These activities will work to support a range of esports careers, as well as players. In order to provide a talent pipeline and remain connected to wider industry, all launch partners will form an advisory board to embed the facility in the wider esports infrastructure.
Jack ‘Coach’ Fenton, a consultant on the esports centre project and a past president and co-founder of the University of Warwick Esports Society, commented: “Considering the multi-disciplinary nature of esports, a vast range of external stakeholders have been identified that we are seeking to partner with. These represent external bodies that include corporate organisations, those committed to equality and diversity, national organisations that promote esports, regional and national skills councils, local schools and charities.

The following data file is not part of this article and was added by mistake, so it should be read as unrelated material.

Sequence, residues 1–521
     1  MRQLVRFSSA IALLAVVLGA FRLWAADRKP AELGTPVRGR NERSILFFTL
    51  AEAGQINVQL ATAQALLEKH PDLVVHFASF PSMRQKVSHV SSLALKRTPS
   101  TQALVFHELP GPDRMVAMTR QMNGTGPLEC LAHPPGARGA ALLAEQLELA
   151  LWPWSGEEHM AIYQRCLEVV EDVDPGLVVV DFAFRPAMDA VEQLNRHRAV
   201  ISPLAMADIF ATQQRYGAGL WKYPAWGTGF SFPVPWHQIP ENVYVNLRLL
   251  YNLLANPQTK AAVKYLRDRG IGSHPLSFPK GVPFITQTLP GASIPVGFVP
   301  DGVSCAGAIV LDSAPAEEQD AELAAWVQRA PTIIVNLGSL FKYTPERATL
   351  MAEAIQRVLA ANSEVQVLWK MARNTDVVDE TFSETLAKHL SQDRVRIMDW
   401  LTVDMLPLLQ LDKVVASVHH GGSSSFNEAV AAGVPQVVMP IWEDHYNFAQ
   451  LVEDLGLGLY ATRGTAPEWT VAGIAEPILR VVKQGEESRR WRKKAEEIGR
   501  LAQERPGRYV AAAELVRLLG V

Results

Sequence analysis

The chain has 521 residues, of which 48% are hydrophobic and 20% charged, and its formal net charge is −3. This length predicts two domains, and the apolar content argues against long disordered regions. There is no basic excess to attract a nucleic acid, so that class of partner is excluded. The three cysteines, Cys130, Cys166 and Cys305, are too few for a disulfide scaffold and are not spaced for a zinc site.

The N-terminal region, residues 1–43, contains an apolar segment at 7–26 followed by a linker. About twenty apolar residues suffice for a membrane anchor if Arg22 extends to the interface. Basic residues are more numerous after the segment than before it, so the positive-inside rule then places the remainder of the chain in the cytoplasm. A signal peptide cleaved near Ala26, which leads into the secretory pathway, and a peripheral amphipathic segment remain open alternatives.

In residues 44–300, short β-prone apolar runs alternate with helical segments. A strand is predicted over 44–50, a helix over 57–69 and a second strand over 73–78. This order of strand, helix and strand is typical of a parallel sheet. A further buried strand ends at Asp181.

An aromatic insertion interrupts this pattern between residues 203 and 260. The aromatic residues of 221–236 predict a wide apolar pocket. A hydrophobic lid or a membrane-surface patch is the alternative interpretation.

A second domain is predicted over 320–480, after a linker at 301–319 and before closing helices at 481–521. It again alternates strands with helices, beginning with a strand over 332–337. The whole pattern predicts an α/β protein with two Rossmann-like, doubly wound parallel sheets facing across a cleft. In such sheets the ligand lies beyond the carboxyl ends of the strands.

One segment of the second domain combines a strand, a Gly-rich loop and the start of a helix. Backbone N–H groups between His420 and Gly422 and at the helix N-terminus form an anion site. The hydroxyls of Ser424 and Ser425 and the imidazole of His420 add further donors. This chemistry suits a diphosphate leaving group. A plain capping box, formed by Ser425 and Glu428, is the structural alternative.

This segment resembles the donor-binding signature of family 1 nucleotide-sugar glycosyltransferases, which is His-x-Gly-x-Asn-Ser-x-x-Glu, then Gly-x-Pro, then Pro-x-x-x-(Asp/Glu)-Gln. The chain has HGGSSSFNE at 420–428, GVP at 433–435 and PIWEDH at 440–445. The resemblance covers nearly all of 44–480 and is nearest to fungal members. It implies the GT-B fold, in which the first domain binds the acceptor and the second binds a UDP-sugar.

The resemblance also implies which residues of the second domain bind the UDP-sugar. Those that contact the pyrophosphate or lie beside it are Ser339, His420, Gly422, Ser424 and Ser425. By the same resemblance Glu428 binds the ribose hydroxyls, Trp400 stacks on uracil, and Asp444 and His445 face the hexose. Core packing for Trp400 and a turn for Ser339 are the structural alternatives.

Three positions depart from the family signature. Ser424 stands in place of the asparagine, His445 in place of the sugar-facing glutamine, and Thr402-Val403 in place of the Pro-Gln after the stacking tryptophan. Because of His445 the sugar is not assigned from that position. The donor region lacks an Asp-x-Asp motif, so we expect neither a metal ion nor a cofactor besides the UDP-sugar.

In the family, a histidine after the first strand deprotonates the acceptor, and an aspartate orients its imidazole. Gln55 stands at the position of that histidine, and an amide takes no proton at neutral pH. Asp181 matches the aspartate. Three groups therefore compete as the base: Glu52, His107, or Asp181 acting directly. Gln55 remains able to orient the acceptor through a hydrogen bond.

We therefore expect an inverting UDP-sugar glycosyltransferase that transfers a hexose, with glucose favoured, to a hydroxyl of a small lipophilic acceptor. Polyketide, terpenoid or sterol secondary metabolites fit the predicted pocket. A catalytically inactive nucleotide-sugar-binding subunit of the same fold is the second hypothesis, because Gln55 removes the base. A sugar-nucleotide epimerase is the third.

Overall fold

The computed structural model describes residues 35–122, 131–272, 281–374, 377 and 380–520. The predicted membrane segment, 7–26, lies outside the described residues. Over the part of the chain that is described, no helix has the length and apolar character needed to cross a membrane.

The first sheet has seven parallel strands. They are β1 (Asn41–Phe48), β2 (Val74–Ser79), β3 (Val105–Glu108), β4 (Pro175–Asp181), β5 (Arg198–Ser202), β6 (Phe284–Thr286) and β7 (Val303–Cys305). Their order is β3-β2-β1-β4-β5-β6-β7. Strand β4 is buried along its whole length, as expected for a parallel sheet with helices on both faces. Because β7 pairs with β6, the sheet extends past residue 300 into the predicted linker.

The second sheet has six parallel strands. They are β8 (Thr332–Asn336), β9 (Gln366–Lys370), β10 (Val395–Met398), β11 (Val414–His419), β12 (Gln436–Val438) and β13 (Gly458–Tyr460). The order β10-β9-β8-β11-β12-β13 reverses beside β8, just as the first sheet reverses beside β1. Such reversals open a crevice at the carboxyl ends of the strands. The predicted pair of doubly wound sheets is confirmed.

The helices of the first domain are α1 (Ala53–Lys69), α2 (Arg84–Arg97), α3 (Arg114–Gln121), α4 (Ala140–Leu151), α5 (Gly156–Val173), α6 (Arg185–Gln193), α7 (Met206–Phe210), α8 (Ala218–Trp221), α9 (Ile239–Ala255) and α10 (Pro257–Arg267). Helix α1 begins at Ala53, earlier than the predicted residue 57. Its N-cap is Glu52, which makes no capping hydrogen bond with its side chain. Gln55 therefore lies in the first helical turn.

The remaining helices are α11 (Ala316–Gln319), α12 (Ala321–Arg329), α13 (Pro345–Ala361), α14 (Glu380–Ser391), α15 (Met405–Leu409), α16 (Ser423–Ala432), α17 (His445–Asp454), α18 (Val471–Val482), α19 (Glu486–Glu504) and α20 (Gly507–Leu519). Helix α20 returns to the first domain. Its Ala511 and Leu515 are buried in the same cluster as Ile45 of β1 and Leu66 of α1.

“The University of Warwick Esports Society itself has already raised thousands of pounds for the charity Special Effect, which works to adapt gaming materials to suit people with disabilities. By working with these great foundations, we want to continue to foster relationships that help promote diversity and inclusion in esports.”
The University is planning on establishing a scholarship scheme focused on diversity and inclusion.
Coventry, Warwickshire, and the West Midlands are already aware of the potential economic benefits of this and of related industries. Warwickshire’s Silicon Spa is an internationally recognised games cluster, and the new esports centre will seek to work closely with regional and national partners including CWLEP, Create Central and WMCA to lead on esports.